The buddy system also works if one or both us is having problems either adjusting to life overseas or with school. Talking about your personal feelings with someone who you can relate to helps and gives a much needed confidence boost. This boost comes in handy especially when you go out to the student night club (or Union). At The Union, you will come face to face with students from around Scotland and the world at large. Everyone flocks to the Union throughout the day as its restaurants and sports bars give the ideal place for students to congregate and unwind from a hard day’s studies. During “Fresher’s Week”; a week long orientation session, the Union is filled to maximum capacity with students socializing in 4 separate bars and dancing the night away at “Mono”; the basement dance club. Speaking as someone who (despite similar experiences at home and a senior in college) felt like a stranger in a strange land, the prospect of going to The Union at first appeared daunting and made me feel like a freshman all over again. Luckily my friends were going as well and in that respect I didn’t feel so bad and just focused on enjoying myself and having fun. The club was loud and packed with people, and I still found it hard to start a conversation with anyone. However some of the people I did approach were very friendly and curious about where I came from, what my “Study” (or major) was, and if I enjoyed Dundee. It was strange being the center of attention all of a sudden, but when you’re the foreigner I suppose everyone is curious to hear your opinions and thoughts. I told them what British television shows i watch and what bands i listen to (most either British or Scottish in origin). It was strange as when I responded to the same questions at home I got quizzical looks and had to explain the band or premise of the show. Here everyone knew what I was talking about, and in thus it was comforting to talk to someone who could relate, despite the fact they were from another country. I finally knew what it must be like to be a study abroad student at New Paltz, some of them were in my classes last semester and I often wondered what it must be like for them to adjust to life in America; this time the roles were reversed.
After my first several nights at the Union, I was still having growing pains but slowly got more confident. Despite the accents, the slang and style of dress, Scottish students are the same as American’s when it comes to socializing with others, if you have enough confidence to walk up to someone, introduce yourself and start a conversation, you will make many friends here. In fact I’ve made a couple of friends just by doing laundry, standing in line at the student run convenience store, and waiting for class. Never underestimate the power of your own self-worth.
However if you are still having trouble meeting people, Dundee offers a variety of clubs and organizations that conform to everyone’s interests. There is an activities fair during Fresher’s Week in which one can join whatever club or sport piques their interest. For example there is a Forensic Anthropology Club, Psychology Club, Music Club, Gaming Club and LGSBT organization in addition to a variety of other groups. These clubs meet regularly and sponsor field trips, dinners, dances and events in which one will get to meet other people with a common interest. My fellow abroad students and I joined several (including The International Students Association and Peer Connections).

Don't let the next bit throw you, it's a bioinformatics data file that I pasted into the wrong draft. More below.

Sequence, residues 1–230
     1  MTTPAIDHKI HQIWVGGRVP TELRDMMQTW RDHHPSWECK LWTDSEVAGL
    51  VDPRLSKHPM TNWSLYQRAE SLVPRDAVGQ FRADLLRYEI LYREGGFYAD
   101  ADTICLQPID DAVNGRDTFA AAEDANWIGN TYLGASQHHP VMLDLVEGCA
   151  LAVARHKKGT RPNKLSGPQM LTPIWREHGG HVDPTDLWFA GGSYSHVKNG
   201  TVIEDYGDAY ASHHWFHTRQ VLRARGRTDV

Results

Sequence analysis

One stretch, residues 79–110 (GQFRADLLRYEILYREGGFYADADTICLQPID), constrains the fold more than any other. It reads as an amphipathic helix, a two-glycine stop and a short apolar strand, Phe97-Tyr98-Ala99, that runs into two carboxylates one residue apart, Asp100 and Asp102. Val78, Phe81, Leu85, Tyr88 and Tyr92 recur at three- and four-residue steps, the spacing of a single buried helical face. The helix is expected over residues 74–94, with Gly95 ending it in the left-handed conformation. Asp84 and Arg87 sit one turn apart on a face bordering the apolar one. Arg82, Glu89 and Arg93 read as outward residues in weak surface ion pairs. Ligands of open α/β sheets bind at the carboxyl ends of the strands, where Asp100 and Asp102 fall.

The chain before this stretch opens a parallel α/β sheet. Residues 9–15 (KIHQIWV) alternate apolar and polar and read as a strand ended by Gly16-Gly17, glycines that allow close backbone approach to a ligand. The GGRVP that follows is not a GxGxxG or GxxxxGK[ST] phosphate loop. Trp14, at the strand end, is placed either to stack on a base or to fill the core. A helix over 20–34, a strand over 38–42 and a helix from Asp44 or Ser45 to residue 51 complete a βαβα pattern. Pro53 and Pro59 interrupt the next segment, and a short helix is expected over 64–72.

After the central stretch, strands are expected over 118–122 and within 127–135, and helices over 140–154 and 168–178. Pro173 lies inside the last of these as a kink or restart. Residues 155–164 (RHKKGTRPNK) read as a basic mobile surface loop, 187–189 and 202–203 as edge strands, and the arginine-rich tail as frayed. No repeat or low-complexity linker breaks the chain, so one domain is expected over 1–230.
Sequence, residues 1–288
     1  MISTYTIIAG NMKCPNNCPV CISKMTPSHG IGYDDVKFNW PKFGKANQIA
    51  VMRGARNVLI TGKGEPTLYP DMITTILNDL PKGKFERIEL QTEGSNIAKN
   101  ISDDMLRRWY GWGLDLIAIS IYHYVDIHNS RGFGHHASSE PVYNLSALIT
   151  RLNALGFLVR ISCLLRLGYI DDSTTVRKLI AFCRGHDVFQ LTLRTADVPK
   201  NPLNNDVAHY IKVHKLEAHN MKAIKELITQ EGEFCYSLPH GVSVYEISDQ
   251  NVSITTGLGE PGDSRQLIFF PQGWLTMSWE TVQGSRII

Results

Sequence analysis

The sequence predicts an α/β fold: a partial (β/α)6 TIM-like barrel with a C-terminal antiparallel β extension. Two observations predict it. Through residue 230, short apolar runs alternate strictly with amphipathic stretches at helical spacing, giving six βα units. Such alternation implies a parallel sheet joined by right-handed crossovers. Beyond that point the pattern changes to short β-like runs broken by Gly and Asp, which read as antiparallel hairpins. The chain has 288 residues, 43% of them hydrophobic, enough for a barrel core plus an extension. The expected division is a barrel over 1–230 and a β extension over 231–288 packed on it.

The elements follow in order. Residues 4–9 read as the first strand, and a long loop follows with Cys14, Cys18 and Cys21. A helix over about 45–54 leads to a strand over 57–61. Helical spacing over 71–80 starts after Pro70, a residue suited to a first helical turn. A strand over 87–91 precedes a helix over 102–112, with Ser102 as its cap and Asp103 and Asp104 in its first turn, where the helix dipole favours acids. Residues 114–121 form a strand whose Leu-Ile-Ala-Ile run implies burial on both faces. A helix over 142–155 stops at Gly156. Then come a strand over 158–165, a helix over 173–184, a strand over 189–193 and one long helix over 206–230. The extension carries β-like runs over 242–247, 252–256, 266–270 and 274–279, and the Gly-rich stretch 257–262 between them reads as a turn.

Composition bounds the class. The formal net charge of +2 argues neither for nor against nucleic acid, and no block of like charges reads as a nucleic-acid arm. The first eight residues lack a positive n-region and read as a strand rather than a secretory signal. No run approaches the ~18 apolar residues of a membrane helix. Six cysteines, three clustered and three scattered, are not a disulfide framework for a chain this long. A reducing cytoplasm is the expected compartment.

The latter group I highly recommend. Peer Connections is run through the International Programs Office at University of Dundee and is a discussion group made of students from around the UK and other countries and helps first year internationals get acclimated to life in Dundee while giving them a place to socialize with other students from around the world. The first time we went to a Peer Connections meeting, my friends and I took two students from Switzerland, one from Lithuania and one from Scotland out to a pub for dinner and then to The Union for drinks and dancing; needless to say they have become regulars at our flat and are the newest members to our “Family”.
As I look back at almost a month abroad, I realize how far I’ve come since those first exciting steps into Edinburgh Airport. Making a fair amount of friends from all over the world and taking part in campus activities has made me feel more than just a student from New York studying in Scotland; I finally feel a part of the campus at Dundee, meeting fellow students for tea at Costa or dinner at a local pub and taking trips with my friends to the many historic castles and sites that dot the area surrounding Dundee and Scotland as a whole. I consider myself no longer a student of SUNY New Paltz, but instead a student at The University of Dundee. If this is what anthropologists have warned against (i.e. “Going Native”) then I fear I have become their most wanted man.